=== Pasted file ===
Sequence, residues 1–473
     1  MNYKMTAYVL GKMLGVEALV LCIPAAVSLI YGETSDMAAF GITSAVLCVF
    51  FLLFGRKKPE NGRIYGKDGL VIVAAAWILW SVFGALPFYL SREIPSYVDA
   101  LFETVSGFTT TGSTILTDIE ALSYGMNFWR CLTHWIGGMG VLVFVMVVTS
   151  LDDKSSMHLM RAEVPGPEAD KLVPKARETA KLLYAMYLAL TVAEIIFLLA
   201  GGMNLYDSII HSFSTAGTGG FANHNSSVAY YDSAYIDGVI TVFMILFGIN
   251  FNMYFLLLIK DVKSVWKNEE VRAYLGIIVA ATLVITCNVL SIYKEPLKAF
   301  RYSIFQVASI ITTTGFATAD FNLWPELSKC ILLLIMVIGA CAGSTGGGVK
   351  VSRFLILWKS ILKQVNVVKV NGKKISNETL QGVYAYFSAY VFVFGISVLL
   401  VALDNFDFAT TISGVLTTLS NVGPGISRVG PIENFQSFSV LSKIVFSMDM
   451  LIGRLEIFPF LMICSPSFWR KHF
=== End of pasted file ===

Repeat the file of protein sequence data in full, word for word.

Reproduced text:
Sequence, residues 1–473
     1  MNYKMTAYVL GKMLGVEALV LCIPAAVSLI YGETSDMAAF GITSAVLCVF
    51  FLLFGRKKPE NGRIYGKDGL VIVAAAWILW SVFGALPFYL SREIPSYVDA
   101  LFETVSGFTT TGSTILTDIE ALSYGMNFWR CLTHWIGGMG VLVFVMVVTS
   151  LDDKSSMHLM RAEVPGPEAD KLVPKARETA KLLYAMYLAL TVAEIIFLLA
   201  GGMNLYDSII HSFSTAGTGG FANHNSSVAY YDSAYIDGVI TVFMILFGIN
   251  FNMYFLLLIK DVKSVWKNEE VRAYLGIIVA ATLVITCNVL SIYKEPLKAF
   301  RYSIFQVASI ITTTGFATAD FNLWPELSKC ILLLIMVIGA CAGSTGGGVK
   351  VSRFLILWKS ILKQVNVVKV NGKKISNETL QGVYAYFSAY VFVFGISVLL
   401  VALDNFDFAT TISGVLTTLS NVGPGISRVG PIENFQSFSV LSKIVFSMDM
   451  LIGRLEIFPF LMICSPSFWR KHF